Not all are contrarians are created equal. In my experience I’ve come across three types of contrarian:
The Natural Contrarian has skepticism and intellectual curiosity from birth. They have a competition in them that drives them to “take the other side” when they know they’re right. One of the defining characteristics of a Natural Contrarian is that they know where to pick their battles. The work hard to confirm or disprove their thesis and aren’t afraid to walk away when proven wrong. Contrarian opportunities are intuitively obvious to them, and being right in the face of the consensus comes naturally.
The Trained Contrarian is different in that skepticism is not second nature to them. They force themselves to be more skeptical and to against their naive and trusting tendencies. They can become even better at spotting contrarian opportunities than the natural. They work much harder and dig deeper into their analysis than the naturals — not only to prove their thesis, but to convince themselves.
A terrible condition exists for those that take contrarianism too far. They make it a part of their identity and wear their cynicism as a badge of honor. The identity of being a skeptic determines how they view all events in life and business. Give them any consensus and they will fade it. Present them with any situation or opinion and they will argue against it. They see the world as perpetually incorrect.
New term: COIF, (Contrary Opinion Indifferent to Fact) (Pronounced kwäf)
The main difference between contrarian and COIF is that the COIF doesn’t hold the same standards for logical and intellectual analysis to see if they’re correct. They carpet bomb cynicism because their internal contrarian gauge is uncalibrated. The kiss of death is when COIFs have been correct enough times by simply betting against others that they believe that “betting opposite” is all that is required for success.
Contrary does not equal correct, although it can appear so in the rear view mirror. COIFs appear right more than wrong because they are unafraid to take bold stands against popular modes of thinking. Being right about something as serious as a financial crisis can appear critical and timely after the fact if the observer doesn’t realize that they are dealing with a COIF. Being correct about big events is addictive and being a COIF offers a high probability of doing that. If you bet against everything you will be right about many things. More importantly you will be right about things that many others were wrong about. They will wonder what the COIF saw that they missed, and to them the COIF looks like a hero/genius.
Contrarianism needs to be tempered with fact. Cynicism can only masquerade as intelligence for so long. There is a time to be a contrarian and, believe it or not, a time when the consensus is actually right. You do NOT need a COIF on your team, because they’ll never be able to tell the difference.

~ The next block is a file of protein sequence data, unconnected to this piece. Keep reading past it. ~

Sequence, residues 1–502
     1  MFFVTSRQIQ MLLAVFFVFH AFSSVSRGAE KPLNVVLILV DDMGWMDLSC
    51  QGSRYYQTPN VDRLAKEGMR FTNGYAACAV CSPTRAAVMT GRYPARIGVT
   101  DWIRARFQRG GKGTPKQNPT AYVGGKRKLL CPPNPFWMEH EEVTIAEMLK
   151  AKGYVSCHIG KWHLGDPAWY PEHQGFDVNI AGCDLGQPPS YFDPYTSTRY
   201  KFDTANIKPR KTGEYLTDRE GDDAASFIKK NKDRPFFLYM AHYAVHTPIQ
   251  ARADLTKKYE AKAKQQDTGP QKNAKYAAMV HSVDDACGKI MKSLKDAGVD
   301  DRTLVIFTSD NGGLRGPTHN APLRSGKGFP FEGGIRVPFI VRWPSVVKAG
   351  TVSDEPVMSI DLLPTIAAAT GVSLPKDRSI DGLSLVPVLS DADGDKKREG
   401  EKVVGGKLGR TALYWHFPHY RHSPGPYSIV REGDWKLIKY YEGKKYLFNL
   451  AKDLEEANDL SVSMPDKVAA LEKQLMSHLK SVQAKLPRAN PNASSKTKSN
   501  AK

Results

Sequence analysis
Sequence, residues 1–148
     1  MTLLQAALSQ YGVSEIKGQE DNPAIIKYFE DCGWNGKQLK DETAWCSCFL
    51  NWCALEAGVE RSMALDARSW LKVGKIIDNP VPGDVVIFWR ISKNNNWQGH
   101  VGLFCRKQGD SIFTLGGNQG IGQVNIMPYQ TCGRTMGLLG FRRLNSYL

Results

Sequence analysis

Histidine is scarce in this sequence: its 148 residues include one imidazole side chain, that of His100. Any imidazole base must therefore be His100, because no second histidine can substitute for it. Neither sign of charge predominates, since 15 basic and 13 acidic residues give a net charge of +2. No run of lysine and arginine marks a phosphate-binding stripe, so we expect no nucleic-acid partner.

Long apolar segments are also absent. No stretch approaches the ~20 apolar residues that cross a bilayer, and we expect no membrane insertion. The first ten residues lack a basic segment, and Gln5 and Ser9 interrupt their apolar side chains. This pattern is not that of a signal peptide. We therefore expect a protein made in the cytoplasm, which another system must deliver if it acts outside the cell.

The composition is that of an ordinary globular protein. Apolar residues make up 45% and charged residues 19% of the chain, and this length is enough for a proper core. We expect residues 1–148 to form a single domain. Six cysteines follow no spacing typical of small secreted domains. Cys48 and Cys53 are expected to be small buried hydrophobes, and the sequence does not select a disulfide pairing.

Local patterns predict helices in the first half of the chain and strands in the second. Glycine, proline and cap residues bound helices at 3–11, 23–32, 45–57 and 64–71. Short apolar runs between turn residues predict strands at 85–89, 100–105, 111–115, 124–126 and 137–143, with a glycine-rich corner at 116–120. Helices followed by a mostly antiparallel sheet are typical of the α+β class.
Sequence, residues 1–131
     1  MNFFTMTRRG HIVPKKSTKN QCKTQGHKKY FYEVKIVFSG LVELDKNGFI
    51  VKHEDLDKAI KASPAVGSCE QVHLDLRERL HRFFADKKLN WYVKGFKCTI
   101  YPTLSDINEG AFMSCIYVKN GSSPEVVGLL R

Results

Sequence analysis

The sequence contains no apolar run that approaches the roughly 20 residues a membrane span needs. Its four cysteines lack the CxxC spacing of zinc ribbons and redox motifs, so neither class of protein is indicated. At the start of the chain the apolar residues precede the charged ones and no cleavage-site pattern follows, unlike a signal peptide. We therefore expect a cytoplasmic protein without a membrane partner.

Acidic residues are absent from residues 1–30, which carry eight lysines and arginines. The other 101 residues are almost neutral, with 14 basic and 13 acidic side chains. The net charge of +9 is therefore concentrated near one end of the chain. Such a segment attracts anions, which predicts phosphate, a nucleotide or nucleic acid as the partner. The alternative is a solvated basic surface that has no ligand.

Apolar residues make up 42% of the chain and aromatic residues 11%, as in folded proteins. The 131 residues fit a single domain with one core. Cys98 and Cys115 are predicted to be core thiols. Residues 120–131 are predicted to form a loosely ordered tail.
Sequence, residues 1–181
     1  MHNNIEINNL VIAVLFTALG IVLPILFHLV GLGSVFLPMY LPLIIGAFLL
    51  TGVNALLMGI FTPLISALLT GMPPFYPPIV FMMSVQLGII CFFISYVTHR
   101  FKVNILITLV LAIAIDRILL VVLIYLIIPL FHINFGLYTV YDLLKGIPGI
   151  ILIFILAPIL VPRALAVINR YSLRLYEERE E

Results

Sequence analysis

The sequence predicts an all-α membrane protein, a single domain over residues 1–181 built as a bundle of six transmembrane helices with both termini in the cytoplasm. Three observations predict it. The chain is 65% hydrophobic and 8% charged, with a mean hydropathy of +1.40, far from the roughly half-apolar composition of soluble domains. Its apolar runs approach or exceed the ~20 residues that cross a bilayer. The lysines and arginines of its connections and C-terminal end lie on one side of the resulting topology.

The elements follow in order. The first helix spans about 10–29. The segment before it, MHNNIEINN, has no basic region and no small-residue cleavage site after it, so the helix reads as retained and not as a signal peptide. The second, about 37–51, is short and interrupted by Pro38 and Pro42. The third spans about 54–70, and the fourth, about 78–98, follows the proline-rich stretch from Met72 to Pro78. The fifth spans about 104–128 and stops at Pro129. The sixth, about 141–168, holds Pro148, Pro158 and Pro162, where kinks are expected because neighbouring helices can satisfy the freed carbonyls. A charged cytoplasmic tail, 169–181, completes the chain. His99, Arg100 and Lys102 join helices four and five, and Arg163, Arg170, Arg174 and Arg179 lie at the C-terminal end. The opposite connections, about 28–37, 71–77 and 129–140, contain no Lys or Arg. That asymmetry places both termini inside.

[ orginal source ]
Posted January 7, 2011 at 8:46 am
Introduction Via Nancy Miller @ Fortune
Richard Bookstaber, veteran Wall Street risk manager and hedge fund manager, made a splash on the eve of the financial meltdown with the publication of Demon of Our Own Design, a book that warned the markets had grown too complex and were headed for a crash.
Last year, Bookstaber left Wall Street to join the Securities and Exchange Commission as Senior Policy Adviser in the newly formed Division of Risk, Strategy, and Financial Innovation – a job he calls the most fulfilling of his career.
In what spare time he has, Bookstaber trains in Brazilian jiu-jitsu, pens a broadly read blog, and during his New York-Washington commute is working on a novel that explores the limits of human knowledge.
Posted January 6, 2011 at 12:14 pm
by Jeff Miller:
Should investors pay attention to the turn of the calendar?
Putting aside the seasonal effects — the Santa Claus rally, the January effect, and the Presidential mid-term rally — it is an important psychological time. People reflect and plan.
Posted December 31, 2010 at 6:13 am
by Sara Glakas
It’s time to prepare for 2011.
But before we do, first let’s look back to the lessons learned in 2010.
As the S&P 500 climbs to levels not seen since September 2008, it’s easy to forget the massive uncertainty that confronted investors at the beginning of this year. With so many conflicting trends and disparate prognostications, it was easy to become paralyzed — afraid to make the wrong move. Needless to say, in 2010, I learned the value of having a plan and relying on it to counteract the forces of investing inertia.
Jeremy Grantham, chief investment strategist of global investment manager GMO, is one of my all time favorite investors and financial commentators. He wrote the following in a newsletter titled “Reinvesting When Terrified,” way back in March 2009 when the S&P 500 plunged below 700: